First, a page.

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Title: Characterization and classification of soils under different land uses in Binwa watershed of Himachal Pradesh
Researcher: Anil Kumar
Guide(s): Sharma, V K
Keywords: Land uses
Soil Science
Binwa watershed
Upload Date: 30-Oct-2013
University: Chaudhary Sarwan Kumar Himachal Pradesh Krishi Vishvavidyalaya
Completed Date: 2013
Abstract: The knowledge of soils with respect to their characteristics, properties, classification, distribution and potential uses is always needed for sustainable land use planning. Binwa watershed represents high-, mid- and low hill soil zones and agrosituations of Himachal Pradesh and lies between 76° 34and#8242; 08and#8243; to 76° 45and#8242; 53and#8243; E longitude and 31° 53and#8242; 15and#8243; to 32° 11and#8242; 58and#8243; N latitude. The area under built-up, cropland, tea plantation, forest, scrubland and grasslands, rock outcrops and water bodies is 4.7, 24.9, 1.3, 33.4, 23.4, 8.4 and 3.9 per cent of the total watershed area (340.1 km2), respectively. A reconnaissance soil survey of Binwa watershed was conducted to describe and classify the soils and predict soil potentials for sustainable land uses. Based on 478 augerbore/minipit observations, sixteen pedons were identified to represent soils under different land uses. The soils are characerized by the presence of A-C, A-Bw-C and A-Bt1 . horizon sequences. Soils of high and mid-hill soil zones are loamy skeletal to fine silty, very shallow to very deep and acidic (base saturation lt 60 %), while those of low hill zone are loamy skeletal to coarse loamy, very shallow to deep and non-acidic (base saturation gt60 %). newlineTaxonomically, the soils of Binwa watershed are member of loamy skeletal to fine silty, shallow to very deep, nil to very gravelly, acid to non-acid, mixed, thermic families of Typic/Lithic Udorthents/Dystrudepts/Eutrudepts/Hapludalfs/Paleudalfs and are put into ten tentative soil series, each with unique characteristics, properties and productivity potentials. Use and management of soils had no effect on the natural identity of the soils. Soils were found deficient in available N, P, Mg, S, Cu and Zn. Agricultural lands have more nutrient contents and better nutrient status as compared to non-agricultural lands. Horizon-wise distribution of available nutrients was also studied during the present investigation. newline The agricultural lands belong to land capability class II, III, IV, VI and VII, indicating erosion as a common limitation. Though Class VI and VII agricultural lands are not cultivable, these require intense care against soil erosion to sustain the existing land use. Non-agricultural lands of Binwa watershed are classified as Class VII. Class VII lands can also be effectively used for pasture development and forestry through the adoption of scientific soil and crop management practices. A similar trend of results was obtained with the Storie soil rating index. Actual and potential soil productivity indices revealed that soil productivity of agricultural lands can be enhanced by 1.5 to 8.0 times for crop growing, 1.7 to 3.0 times for pastures and 1.5 to 10.0 times for forest and non-forest tree crops with the adoption of recommended soil, crop and water management practices.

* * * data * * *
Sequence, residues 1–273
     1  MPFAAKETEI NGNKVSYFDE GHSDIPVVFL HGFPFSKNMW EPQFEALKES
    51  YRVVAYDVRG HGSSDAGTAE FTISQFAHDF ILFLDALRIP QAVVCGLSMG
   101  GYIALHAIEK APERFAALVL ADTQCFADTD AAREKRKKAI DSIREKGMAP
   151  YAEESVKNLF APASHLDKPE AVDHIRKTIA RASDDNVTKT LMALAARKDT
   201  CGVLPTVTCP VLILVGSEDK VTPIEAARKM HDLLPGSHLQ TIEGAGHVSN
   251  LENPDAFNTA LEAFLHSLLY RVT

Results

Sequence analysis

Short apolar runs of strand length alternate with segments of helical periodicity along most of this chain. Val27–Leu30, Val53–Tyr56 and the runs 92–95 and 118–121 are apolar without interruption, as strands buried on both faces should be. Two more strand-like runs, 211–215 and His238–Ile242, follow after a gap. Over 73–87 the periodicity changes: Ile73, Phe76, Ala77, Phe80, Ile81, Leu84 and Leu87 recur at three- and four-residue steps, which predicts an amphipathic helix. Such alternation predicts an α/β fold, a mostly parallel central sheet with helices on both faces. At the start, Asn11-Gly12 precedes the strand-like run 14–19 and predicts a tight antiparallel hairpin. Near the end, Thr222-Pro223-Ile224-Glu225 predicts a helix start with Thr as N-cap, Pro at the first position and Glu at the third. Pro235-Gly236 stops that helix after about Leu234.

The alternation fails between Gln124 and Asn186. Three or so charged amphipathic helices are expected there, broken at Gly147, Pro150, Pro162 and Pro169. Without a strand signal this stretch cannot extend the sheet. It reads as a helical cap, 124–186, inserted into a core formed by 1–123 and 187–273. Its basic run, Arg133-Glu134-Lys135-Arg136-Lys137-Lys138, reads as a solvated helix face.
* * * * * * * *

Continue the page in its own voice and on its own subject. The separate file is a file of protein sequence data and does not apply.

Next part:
Pagination: 127p.
Appears in Departments:Department of Soil Sciences

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02-certificate.pdf60.42 kBAdobe PDFView/Open
03-acknowledgement.pdf99.42 kBAdobe PDFView/Open
04-list of contents.pdf48.5 kBAdobe PDFView/Open
05-list of tables,figures,plates.pdf72.19 kBAdobe PDFView/Open
06-chapter1.pdf82.04 kBAdobe PDFView/Open
07-chapter2.pdf152.13 kBAdobe PDFView/Open
08-chapter3.pdf918.16 kBAdobe PDFView/Open
09-chapter4.pdf1.58 MBAdobe PDFView/Open
10-chapter5.pdf134.3 kBAdobe PDFView/Open
11-literature.pdf208.46 kBAdobe PDFView/Open

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